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Lawsuit in Gene Therapy Death Settled

Suspended Experiment Allowed to Resume
Genetic Crossroads
December 7th, 2000


The family of Jesse Gelsinger, the 18-year-old who died last September
in a gene therapy trial at the University of Pennsylvania, has agreed
to an out-of-court settlement with the institutions and individual
researchers involved in the experiment. The parties to the settlement
included James Wilson, the lead investigator at Penn, and Genovo, Inc.,
a company that Wilson founded and that would have profited from a
successful outcome.

The family released from the lawsuit two other defendants, including
bioethicist Arthur Caplan, who had advised the researchers to enroll
relatively healthy adults such as Gelsinger, instead of critically ill
infants as they had originally planned.

The Washington Post reported that Paul Gelsinger, Jesse's father, said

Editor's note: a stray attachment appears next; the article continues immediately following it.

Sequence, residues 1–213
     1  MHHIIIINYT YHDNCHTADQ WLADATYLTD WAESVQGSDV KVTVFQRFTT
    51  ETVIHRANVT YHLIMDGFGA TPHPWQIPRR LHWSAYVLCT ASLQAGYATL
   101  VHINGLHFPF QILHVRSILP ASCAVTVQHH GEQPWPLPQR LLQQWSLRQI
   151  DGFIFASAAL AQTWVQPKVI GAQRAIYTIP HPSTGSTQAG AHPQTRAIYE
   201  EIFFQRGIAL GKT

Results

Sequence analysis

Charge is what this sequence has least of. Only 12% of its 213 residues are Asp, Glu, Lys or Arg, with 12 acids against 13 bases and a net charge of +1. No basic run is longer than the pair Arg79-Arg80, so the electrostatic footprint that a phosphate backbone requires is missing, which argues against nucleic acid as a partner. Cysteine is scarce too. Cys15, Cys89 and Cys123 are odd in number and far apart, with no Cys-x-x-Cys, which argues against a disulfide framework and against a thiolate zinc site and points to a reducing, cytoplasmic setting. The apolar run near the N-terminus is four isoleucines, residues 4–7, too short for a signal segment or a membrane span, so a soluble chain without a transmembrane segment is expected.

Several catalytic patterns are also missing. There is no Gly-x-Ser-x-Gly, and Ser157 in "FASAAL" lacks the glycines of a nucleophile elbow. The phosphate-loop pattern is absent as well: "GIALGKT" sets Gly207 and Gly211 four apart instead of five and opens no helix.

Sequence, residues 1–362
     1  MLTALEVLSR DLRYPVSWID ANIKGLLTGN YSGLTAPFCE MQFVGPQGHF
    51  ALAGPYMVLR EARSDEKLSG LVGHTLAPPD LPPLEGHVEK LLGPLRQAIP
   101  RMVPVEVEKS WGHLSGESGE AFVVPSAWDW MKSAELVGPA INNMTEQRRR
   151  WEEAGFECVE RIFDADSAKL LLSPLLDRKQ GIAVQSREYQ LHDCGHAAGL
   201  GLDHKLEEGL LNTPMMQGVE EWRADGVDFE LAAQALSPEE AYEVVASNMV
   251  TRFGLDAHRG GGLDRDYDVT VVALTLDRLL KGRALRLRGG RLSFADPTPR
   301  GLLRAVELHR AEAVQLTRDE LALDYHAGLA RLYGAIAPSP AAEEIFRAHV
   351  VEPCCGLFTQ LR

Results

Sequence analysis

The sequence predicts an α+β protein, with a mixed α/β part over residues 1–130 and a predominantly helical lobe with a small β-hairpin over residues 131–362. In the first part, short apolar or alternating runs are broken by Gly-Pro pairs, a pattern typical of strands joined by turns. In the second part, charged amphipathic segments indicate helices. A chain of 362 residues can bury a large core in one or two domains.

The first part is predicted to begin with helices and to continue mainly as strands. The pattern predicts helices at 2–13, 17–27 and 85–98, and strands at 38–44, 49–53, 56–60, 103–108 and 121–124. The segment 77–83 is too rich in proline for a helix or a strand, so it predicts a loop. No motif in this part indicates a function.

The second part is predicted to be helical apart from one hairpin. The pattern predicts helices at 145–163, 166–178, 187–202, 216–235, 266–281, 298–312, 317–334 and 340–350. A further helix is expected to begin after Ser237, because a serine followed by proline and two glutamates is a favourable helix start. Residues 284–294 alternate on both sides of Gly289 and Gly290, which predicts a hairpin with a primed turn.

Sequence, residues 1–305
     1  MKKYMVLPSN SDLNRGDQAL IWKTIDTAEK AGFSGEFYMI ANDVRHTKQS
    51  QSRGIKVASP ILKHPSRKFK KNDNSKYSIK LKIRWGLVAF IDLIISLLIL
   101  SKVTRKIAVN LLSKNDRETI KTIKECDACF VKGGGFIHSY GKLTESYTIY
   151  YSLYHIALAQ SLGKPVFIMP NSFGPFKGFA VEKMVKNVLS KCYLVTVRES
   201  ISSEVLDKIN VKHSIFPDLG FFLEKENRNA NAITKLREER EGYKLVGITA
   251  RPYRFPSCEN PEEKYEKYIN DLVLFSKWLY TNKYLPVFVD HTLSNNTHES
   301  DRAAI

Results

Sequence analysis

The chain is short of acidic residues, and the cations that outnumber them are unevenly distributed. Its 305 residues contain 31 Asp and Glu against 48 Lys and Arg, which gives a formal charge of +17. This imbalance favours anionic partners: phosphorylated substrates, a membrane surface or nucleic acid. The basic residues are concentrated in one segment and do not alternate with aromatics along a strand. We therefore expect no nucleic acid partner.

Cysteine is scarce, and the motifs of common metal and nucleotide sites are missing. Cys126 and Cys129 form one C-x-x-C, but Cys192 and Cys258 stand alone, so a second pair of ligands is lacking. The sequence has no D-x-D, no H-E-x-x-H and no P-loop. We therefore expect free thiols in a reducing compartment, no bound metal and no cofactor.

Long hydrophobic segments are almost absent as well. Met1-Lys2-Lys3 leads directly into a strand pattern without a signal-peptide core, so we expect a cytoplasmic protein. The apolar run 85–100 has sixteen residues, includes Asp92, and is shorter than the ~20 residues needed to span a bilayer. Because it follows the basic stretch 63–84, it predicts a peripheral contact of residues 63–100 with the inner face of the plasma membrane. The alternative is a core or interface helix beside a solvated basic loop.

"he had undergone a painful change of heart in the year after his son's
death" as he learned of "apparent wrongdoing" and eventually concluded
"that he had been duped by scientists who cared more about profits than
safety." (Rick Weiss and Deborah Nelson, "Penn Settles Gene Therapy Suit,"
11/4/00, <http://washingtonpost.com/ac2/wp-dyn/A11512-2000Nov3>.)

About a week after the settlement, Dr. Jeffrey Isner of Tufts University
and St. Elizabeth's Hospital in Boston announced that the FDA will allow
him to resume gene therapy trials it had ordered suspended last May during
investigations triggered by Gelsinger's death. "Much of the hysteria has
died down," Isner told a Reuters reporter. "The atmosphere has been a lot
more positive."

When it closed down Isner's experiment, the FDA issued a strongly worded
letter accusing him of failing to report the death of one patient and
saying he showed a "serious lack of knowledge" about his duties.

Isner's trials are sponsored by Vascular Genetics Inc. of Durham, NC,
a company he helped found in 1997. Like many other gene therapy
researchers, Isner thus stands to gain financially from his own work.
(Maggie Fox, "Doctor: US Restores Heart Gene Therapy Trials," 11/12/00,
<http://dailynews.yahoo.com/h/nm/20001112/sc/heart_gene_dc_2.html>).


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